Fish separated from their mate pine for each other and become pessimistic, scientists have found for the first time, challenging the belief that sexual emotional attachment is unique to humans.
Researchers at the University of Burgundy in France allowed 33 convict cichlids to spend two days choosing a mate, then monitored their behaviour for three weeks when they were paired with a fish that they had not picked.
The experiments showed that when females were kept away from their preferred mate they spawned later, spent less time looking after their eggs and had fewer fry.
In a second test, the fish were taught to open a black box containing food, and leave a white box which was empty.
But when presented with an ambiguous grey box, the fish that had been separated from their partner took nearly twice as long to look in the box, proving that they were feeling more pessimistic about life, the scientists said.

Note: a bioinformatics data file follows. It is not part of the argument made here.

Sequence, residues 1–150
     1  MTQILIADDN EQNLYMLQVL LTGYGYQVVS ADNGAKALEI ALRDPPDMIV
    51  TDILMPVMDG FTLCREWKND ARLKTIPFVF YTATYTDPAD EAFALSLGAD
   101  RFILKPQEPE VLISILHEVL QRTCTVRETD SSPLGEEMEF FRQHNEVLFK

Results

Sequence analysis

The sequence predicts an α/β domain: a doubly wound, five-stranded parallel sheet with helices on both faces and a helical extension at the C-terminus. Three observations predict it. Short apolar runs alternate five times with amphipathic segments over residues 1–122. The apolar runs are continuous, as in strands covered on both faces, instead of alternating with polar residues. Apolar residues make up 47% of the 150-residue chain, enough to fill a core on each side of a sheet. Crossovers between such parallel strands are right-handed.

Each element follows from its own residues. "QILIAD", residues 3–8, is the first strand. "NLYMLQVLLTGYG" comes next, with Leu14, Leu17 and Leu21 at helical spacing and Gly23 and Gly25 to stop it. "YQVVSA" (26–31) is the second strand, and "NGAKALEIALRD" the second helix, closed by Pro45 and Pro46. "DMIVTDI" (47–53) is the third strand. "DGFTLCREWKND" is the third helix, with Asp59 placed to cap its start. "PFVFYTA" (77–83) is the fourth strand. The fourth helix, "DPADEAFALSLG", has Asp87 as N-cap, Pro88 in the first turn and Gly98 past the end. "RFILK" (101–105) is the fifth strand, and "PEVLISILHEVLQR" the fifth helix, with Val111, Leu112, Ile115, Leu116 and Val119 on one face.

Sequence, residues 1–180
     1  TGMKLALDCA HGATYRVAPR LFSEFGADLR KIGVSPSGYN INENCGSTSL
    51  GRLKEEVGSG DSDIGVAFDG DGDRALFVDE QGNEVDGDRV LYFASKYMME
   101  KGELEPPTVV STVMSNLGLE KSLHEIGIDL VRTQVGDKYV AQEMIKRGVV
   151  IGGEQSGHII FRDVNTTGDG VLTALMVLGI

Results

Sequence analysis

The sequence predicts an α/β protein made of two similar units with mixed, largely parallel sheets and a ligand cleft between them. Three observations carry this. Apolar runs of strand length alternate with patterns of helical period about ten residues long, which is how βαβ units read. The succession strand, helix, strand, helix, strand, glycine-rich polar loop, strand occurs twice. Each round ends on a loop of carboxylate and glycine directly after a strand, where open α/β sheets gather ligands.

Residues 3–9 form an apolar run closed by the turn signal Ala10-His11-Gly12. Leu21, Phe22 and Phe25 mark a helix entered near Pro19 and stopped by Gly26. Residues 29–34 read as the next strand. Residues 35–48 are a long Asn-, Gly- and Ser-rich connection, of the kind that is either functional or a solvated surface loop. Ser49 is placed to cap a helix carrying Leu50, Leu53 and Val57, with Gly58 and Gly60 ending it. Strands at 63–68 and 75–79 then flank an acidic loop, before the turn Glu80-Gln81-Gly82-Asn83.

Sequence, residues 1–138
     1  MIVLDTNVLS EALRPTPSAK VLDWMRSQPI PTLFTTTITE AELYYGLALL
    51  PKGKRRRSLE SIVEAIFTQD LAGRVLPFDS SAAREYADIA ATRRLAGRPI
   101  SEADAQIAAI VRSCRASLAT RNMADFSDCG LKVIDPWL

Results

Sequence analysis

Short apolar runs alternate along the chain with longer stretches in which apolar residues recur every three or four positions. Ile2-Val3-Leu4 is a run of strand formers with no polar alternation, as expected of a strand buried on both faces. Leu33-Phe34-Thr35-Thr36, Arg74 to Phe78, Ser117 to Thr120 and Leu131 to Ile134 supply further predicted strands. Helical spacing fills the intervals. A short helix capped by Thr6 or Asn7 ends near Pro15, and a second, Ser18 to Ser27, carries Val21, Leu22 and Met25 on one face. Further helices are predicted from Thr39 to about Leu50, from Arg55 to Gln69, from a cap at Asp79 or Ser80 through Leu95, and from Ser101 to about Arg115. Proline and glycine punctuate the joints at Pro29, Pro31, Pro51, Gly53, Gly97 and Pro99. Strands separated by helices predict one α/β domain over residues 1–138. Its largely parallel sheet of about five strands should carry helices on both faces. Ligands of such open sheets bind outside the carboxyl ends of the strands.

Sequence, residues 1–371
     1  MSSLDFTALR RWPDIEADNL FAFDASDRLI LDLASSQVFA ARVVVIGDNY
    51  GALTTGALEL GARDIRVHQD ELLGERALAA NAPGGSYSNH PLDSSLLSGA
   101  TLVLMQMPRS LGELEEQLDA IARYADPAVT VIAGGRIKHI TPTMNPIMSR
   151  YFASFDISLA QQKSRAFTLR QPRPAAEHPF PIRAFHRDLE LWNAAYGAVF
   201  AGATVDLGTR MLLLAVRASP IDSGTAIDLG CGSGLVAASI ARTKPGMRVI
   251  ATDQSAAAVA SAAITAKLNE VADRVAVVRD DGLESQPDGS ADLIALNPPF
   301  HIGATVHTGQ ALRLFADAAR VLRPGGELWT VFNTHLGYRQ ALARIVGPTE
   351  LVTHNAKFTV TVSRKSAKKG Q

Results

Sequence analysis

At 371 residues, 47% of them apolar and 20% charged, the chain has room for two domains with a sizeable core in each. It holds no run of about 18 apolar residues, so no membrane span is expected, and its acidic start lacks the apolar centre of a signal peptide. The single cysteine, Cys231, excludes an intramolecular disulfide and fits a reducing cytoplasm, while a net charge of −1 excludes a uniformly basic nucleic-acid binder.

“There is increasing evidence that non-human animals experience similar emotions to humans,” wrote lead author Dr Chloé Laubu in the journal Royal Proceedings of the Royal Society B.
“Our results suggest that the relationship between affective state and pair-bonding has evolved not only in humans but also in at least one other monogamous species, the convict cichlid.”
The convict cichlid Amatitlania siquia, which is native to Central America, was chosen because it is a monogamous fish which forms long-lasting pairs with strong cooperation between parents for parental care.
Males grow to be around 6.5 inches (17 cm) long and females closer to 4.5 inches (11 cm) long.
Young usually take around six months to mature, during which time both mother and father carry out several parenting tasks including driving away intruders and fanning eggs to give them more oxygen.
Once hatched the parents allow their offspring to feed at night then retrieve their young just before dark, sucking up three or four at a time and delivering them back into the nest.